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When can children decide which parent they want to live with?

When can children decide which parent they want to live with

It is understandable that many of our clients ask us this question after separating from their partner; when can my child decide who they want to live with?

The answer, according to the Family Law Act 1975 and the current court judgments, is that it really depends on each individual case and the children involved.

All cases related to children are required to be determined in accordance with what is considered to be in the “best interests of the child". What is considered to be in their best interests will be determined by a number of factors, including the child’s wishes.

How much weight is to be given to the child’s wishes in making a decision about where they are to live will depend on the child’s age and maturity, as well as their level of understanding.

The Family Court generally takes the view that as a child gets older they will become more mature and they will have a greater understanding of what is best for themselves in terms of their living arrangements. As a child gets older they are also thought to have a better grasp of the consequences of their decision about where they want to live including the impact of that living arrangement on their relationship with each of their parents and other caregivers in their lives and the effect on their relationship with their siblings.

"Some people suggest that generally as a child becomes a teenager they should then have a greater say about where they want ..."

Some people suggest that generally as a child becomes a teenager they should then have a greater say about where they want to live and this is generally true to some extent but is particularly dependent on that child’s level of maturity.

In the Family Court system it is often the case that an Independent Children’s Lawyer (ICL) will be appointed to assist the court in advocating what is in the child’s best interests from an independent point of view.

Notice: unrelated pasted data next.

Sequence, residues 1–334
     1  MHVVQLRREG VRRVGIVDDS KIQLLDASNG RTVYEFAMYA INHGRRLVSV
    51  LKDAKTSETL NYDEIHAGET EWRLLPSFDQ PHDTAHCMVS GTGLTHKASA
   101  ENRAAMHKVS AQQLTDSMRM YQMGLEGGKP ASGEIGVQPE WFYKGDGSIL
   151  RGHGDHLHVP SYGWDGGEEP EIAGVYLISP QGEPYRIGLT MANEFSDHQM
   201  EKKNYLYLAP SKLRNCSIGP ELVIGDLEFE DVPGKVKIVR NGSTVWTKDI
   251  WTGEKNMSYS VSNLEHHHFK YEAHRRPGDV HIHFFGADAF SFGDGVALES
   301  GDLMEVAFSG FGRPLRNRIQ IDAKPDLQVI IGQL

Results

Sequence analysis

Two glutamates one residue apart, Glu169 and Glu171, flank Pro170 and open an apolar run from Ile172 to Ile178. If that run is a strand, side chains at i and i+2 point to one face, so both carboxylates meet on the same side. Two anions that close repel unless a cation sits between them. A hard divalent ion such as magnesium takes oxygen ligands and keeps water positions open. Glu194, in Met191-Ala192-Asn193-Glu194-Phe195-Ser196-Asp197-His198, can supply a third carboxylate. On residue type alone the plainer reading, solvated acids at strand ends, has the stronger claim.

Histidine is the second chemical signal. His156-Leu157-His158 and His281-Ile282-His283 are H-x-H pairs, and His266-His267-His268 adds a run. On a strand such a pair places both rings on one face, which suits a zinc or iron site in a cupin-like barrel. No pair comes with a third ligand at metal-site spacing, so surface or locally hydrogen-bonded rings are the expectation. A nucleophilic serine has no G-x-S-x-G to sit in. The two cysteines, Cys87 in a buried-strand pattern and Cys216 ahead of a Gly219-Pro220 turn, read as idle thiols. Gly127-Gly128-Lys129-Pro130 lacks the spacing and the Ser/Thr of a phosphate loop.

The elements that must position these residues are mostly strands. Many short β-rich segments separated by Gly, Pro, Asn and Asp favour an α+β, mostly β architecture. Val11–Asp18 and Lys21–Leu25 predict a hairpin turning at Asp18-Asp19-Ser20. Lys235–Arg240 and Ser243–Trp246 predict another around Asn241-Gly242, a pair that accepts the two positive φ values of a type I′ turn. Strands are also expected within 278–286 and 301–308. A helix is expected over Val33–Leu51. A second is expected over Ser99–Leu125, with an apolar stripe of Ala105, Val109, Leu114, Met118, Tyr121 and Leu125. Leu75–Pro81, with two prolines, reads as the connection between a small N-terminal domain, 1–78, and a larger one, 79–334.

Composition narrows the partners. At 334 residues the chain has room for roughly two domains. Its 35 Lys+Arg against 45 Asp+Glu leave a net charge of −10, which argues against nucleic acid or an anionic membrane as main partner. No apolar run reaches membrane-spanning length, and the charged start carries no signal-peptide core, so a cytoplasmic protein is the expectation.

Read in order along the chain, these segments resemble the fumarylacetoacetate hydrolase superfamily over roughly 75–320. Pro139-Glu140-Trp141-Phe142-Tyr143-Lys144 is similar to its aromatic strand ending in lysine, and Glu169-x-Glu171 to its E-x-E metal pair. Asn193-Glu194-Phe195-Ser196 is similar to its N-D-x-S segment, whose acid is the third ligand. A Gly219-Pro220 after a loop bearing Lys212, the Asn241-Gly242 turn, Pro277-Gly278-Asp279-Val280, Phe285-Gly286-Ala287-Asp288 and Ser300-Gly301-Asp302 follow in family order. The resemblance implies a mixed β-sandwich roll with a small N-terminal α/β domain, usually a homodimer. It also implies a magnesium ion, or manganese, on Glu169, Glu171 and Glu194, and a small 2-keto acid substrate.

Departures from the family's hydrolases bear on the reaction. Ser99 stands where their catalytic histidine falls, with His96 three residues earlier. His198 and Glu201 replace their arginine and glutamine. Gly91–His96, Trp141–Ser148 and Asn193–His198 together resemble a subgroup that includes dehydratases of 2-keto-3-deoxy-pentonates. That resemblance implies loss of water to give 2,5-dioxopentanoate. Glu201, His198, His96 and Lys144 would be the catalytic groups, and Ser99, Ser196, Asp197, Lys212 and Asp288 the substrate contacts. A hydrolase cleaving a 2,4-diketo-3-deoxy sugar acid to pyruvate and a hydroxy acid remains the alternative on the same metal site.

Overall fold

"The Family Court Judge hearing the matter in the first instance found against their wishes and determined that they should return to live in Australia."

The High Court of Australia has recently dealt with the issue of children’s wishes in the case of Bondelmonte v Bondelmonte & Anor [2017] HCA 8. In this case a father breached court orders to retain two Australian boys aged 15 years and 17 years in the US. The boys wanted to remain living with their father in the US and not return to their mother. The Family Court Judge hearing the matter in the first instance found against their wishes and determined that they should return to live in Australia. The matter then went to the Full Court of the Family Court which confirmed the decision and dismissed the father’s appeal. The father appealed again to the High Court of Australia which ultimately confirmed the decision of the original judge that the children had to return to Australia.

This court outcome has brought into question the weight that should be given to childrens’ wishes, with some lawyers suggesting that it supports the notion that children should not decide which parent they live with regardless of their age.

I would suggest however that this decision was made for specific reasons in that the children had been taken to the US on a holiday with their father and he had then told the mother that they would not be coming back to Australia. The father was acting in breach of Family Court orders and the court was concerned that the childrens’ wishes had been unduly influenced by the father.

"In my view this case in fact confirms that while childrens’ wishes will be considered by the court those wishes will not always be followed..."

In my view this case in fact confirms that while childrens’ wishes will be considered by the court those wishes will not always be followed and it remains the case at law that each situation will need to be determined on the basis of the facts of the case and in accordance with what is found to be in the childrens’ best interests.

You may like to view our video “Family Law – What are the Best Interests of the Child?”


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Get in touch with today's blog writer:
Eva Bailey

Partner in Family Law  and  Criminal and Police Matters

Please note, this Blog is posted in Adelaide, South Australia by Andersons Solicitors. It relates to Australian Federal legislation. Andersons Solicitors is a medium sized law firm servicing metropolitan Adelaide and regional South Australia across all areas of law for individuals and businesses.


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